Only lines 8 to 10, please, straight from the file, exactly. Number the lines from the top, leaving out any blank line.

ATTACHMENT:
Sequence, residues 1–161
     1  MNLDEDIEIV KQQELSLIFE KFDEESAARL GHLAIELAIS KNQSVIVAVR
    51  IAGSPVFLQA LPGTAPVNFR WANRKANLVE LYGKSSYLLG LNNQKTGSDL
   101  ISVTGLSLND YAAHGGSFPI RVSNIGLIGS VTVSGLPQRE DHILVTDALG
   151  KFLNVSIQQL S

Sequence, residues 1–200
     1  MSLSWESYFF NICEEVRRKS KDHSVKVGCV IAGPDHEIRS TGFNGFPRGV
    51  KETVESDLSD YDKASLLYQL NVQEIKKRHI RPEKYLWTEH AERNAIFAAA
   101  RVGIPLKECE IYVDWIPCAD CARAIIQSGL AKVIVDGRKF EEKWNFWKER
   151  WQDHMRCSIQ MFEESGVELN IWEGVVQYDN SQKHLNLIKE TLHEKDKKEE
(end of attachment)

    51  KETVESDLSD YDKASLLYQL NVQEIKKRHI RPEKYLWTEH AERNAIFAAA
   101  RVGIPLKECE IYVDWIPCAD CARAIIQSGL AKVIVDGRKF EEKWNFWKER
   151  WQDHMRCSIQ MFEESGVELN IWEGVVQYDN SQKHLNLIKE TLHEKDKKEE